KABUL (Reuters) - The U.S. military has freed an Afghan journalist after holding him for nearly a year without charge, Afghan officials said on Wednesday.
The 22-year-old Jawed Ahmad, who worked for four years for Canadian network CTV, was detained last October by U.S. forces outside a U.S. military base in the southern province of Kandahar.
Jawed was freed this week from the main jail of U.S.-led forces at Bagram, north of the capital Kabul. Human rights groups said he was detained for having contacts with Taliban insurgents and possessing videos of the militants.
“I am free from hell ... After 11 months of being held in a cell that was a like a grave, I want to tell the world the story of my detention and I hope that the stories of others held at Bagram will also see the light of day,” a journalist body quoted Ahmad as saying.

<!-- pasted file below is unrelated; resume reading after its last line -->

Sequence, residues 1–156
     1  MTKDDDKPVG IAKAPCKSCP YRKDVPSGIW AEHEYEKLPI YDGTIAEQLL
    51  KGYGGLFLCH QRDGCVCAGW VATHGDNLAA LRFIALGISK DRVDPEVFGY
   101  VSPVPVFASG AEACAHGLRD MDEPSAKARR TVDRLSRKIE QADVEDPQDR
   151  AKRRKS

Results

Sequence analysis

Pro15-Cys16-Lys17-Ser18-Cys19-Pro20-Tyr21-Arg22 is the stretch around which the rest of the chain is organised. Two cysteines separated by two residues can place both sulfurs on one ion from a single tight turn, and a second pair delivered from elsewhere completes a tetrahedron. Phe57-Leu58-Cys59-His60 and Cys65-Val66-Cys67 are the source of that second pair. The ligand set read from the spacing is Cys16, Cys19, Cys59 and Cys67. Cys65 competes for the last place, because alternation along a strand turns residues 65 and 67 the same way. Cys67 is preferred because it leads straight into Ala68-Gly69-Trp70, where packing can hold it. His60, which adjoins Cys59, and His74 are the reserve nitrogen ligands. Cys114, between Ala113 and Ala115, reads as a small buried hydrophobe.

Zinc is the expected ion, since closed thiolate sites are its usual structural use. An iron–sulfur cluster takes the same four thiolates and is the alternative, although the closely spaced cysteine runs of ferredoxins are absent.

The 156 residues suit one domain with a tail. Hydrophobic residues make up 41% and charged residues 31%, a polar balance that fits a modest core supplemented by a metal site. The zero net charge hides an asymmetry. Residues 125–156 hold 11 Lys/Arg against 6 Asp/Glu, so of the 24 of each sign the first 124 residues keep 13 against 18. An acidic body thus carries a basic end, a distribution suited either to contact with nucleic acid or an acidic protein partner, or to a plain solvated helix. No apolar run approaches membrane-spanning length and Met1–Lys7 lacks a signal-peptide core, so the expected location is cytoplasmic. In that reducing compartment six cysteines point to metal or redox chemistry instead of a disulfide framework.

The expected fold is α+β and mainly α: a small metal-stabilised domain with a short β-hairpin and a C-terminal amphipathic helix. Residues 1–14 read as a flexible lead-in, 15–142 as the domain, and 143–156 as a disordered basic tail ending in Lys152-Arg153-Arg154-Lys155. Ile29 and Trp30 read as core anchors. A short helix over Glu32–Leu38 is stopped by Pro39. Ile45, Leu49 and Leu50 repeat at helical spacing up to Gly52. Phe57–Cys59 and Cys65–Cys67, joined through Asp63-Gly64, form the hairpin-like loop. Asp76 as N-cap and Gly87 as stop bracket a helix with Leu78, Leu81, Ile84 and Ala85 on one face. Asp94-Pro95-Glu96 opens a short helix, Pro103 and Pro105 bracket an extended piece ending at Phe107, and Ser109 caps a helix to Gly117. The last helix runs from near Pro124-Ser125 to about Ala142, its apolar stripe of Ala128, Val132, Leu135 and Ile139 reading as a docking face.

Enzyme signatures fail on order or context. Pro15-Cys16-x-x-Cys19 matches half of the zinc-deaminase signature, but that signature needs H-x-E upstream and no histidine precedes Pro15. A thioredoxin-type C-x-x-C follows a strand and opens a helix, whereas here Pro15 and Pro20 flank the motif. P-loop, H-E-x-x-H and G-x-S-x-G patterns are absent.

Prior to joining CTV, Jawed served as a translator for U.S. Special Forces and was wounded while working for them in Kandahar, a hotbed of militant activity.
The International Federation of Journalists (IFJ) welcomed Jawed’s release.
“When reporting in conflict zones, journalists need to be able to gather information from all sides without threat of being labeled an enemy by one side or another,” the IFJ said in a statement.
“Jawed Ahmad was held for a year without charge because he was doing his job as a journalist, which is to gather information from all sides to provide balanced and fair coverage. He should never have been detained, and his long-overdue release proves it.”
Reporting by Sayed Salahuddin; Editing by Jerry Norton